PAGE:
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NEWS UPDATES Asean Affairs        12  May 2011

Thai silk enters new era

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The quality of Thai silk is known worldwide, but the fabric can be difficult to care for, so a group of silk producers in Nakhon Ratchasima province have made it easier to wear silk clothes.

Thai silk has traditionally been tailored into uncomfortable, old-fashioned styles aimed at well-off, middle-aged folks wanting to express their social status. And the clothes must be dry-cleaned, which is relatively expensive.

But 10 third-generation silk producers in Nakhon Ratchasima's Pak Thong Chai district banded together to modernise the hand-woven products with assistance from Kasetsart University and the Industry Ministry.

They have eliminated weakness in the fabric to attract a wider clientele, thereby enabling the industry to survive globalisation while preserving its traditional pre-eminence. Wachirapun Nualsri, the owner of Chattong Thai Silk Co, said her silk apparel is soft, machine-washable and needs no ironing.

"No longer are our silk garments rough in texture, as we now use prewashed soft silk fabric in modern casual apparel and accessories. They're meant to be worn without ironing. Due to the overwhelming response, we're now developing our own Chattara brand," she said.

The garments, priced from 700-2,000 baht each (US$24-$70), are available only in Thailand, as low production capacity prohibits exports.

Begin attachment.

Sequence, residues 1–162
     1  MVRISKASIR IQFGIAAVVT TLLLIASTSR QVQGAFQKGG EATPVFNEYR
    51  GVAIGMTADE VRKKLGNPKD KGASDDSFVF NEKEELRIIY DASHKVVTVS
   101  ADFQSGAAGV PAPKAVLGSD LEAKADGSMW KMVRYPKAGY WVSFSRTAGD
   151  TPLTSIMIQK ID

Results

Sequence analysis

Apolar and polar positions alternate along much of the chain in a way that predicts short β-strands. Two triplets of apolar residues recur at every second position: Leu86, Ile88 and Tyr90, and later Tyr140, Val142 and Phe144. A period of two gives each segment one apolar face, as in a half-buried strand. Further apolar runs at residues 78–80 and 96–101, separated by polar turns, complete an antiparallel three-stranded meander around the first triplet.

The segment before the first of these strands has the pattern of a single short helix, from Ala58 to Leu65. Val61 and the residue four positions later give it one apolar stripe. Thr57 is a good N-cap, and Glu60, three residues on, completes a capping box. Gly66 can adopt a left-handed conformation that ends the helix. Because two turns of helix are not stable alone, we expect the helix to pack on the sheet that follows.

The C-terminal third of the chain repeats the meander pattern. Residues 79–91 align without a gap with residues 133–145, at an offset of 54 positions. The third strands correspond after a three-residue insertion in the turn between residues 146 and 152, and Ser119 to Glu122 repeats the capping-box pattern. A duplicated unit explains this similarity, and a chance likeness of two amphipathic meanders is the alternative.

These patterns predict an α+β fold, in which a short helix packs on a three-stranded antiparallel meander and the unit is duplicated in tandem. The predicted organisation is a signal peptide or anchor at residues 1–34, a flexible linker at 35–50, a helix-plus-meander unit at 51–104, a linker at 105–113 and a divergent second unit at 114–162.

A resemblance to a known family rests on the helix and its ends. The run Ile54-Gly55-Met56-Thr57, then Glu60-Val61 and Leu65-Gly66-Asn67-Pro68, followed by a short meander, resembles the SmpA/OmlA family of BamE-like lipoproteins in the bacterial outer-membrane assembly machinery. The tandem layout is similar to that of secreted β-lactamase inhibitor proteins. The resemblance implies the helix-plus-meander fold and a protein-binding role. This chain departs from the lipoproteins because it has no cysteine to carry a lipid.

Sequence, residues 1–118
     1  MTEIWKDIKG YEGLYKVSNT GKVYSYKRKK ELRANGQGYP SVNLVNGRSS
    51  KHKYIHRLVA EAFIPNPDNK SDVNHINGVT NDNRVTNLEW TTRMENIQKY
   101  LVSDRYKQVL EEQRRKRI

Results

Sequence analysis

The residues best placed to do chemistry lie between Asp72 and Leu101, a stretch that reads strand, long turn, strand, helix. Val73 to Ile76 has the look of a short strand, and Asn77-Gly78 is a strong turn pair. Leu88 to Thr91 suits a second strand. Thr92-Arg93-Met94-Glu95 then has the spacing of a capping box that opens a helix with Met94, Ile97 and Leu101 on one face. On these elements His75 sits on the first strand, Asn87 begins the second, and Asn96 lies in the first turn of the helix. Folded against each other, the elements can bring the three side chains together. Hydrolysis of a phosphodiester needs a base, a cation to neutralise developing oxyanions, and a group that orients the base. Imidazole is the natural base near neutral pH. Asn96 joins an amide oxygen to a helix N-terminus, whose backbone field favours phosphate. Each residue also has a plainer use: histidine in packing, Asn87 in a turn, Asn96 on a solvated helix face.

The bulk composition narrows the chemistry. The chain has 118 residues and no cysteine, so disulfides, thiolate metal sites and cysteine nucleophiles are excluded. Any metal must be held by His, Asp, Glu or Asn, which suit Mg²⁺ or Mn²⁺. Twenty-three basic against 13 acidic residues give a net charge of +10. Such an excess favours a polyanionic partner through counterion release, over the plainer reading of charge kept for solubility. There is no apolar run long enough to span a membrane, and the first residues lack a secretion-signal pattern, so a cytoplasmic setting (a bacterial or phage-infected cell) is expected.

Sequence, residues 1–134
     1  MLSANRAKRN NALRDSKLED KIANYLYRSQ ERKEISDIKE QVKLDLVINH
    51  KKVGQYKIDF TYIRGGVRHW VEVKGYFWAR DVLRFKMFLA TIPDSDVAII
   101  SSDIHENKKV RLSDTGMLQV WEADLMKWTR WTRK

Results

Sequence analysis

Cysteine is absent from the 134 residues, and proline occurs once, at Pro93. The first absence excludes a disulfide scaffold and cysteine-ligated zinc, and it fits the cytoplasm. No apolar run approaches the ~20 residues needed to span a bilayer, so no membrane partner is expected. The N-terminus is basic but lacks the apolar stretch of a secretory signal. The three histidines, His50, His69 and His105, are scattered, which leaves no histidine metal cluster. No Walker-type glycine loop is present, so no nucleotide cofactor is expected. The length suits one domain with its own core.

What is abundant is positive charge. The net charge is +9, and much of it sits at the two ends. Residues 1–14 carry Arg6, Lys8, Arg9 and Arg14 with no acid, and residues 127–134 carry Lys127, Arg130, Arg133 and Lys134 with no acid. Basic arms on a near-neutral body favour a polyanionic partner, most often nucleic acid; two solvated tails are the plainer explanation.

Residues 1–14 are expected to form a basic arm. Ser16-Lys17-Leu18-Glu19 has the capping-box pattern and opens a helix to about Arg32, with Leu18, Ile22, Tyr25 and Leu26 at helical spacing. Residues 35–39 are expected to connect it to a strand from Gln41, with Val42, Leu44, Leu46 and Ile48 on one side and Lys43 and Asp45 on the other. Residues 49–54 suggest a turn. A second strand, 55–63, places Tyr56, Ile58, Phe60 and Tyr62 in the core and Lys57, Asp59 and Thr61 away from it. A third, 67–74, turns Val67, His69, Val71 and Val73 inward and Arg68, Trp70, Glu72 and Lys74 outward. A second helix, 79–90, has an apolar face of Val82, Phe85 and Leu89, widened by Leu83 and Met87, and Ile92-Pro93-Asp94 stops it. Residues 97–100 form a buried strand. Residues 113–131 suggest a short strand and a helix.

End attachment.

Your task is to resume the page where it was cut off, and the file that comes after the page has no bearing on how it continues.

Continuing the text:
Softer, machine-washable dresses made from a new weaving technique are selling well. The group has only 10 weavers who produce a combined 1,500 yards of silk fabric each month, not sufficient to serve export markets.

The average age of the weavers is past 40, as younger generations prefer to work in factories rather than take up silk weaving for a living.

Ms Wachirapun said liberalisation under the Asean Economic Community in 2015 will make it easier to import cheap silk from Vietnam, but its quality is inferior to the Thai product, so local silk will remain the top choice.

The domestic silk industry is valued at 3-4 billion baht (US$100 million-$132.6 million) annually.

Ms. Wachirapun urged the government to stabilise the price of silk yarn, which has jumped to 2,300 baht a kilogramme so far this year from 1,300-1,500 baht last year.

Yarn producers have had to raise their prices due to the impact from recent flooding and drought, she said.

Commerce Ministry statistics show Thailand exported 683 million baht worth of silk products last year, mainly to the US at 30 percent of the total, followed by Japan, Italy and the UK. China is the world's largest silk exporter, commanding 80 percent of the global trade in raw silk and silk yarn, followed by Brazil, Italy, India and Vietnam.

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This year in Thailand-what next?

AseanAffairs   04 January 2011
By David Swartzentruber      

It is commonplace in journalism to write two types of articles at the transition point between the year that has passed and the New Year. As this writer qualifies as an “old hand” in observing Thailand with a track record dating back 14 years, it is time take a shot at what may unfold in Thailand in 2011.

The first issue that can’t be answered is the health of Thailand’s beloved King Bhumibol, who is now 83 years old. He is the world's longest reigning monarch, but elaborate birthday celebrations in December failed to mask concern over his health. More


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